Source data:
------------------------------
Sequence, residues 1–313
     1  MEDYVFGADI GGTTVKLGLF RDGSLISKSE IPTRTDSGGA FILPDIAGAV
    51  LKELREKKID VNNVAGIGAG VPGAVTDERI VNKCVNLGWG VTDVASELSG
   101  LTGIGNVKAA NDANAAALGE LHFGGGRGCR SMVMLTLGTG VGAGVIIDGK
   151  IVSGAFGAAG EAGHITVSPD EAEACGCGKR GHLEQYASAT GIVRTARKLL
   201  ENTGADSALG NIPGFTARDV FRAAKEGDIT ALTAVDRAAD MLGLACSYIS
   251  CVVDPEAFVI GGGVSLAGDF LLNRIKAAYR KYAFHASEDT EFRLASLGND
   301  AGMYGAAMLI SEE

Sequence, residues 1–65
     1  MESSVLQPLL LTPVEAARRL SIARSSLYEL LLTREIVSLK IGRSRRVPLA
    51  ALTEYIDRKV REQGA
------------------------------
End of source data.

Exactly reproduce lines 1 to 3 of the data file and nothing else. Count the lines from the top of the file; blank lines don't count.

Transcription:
Sequence, residues 1–313
     1  MEDYVFGADI GGTTVKLGLF RDGSLISKSE IPTRTDSGGA FILPDIAGAV
    51  LKELREKKID VNNVAGIGAG VPGAVTDERI VNKCVNLGWG VTDVASELSG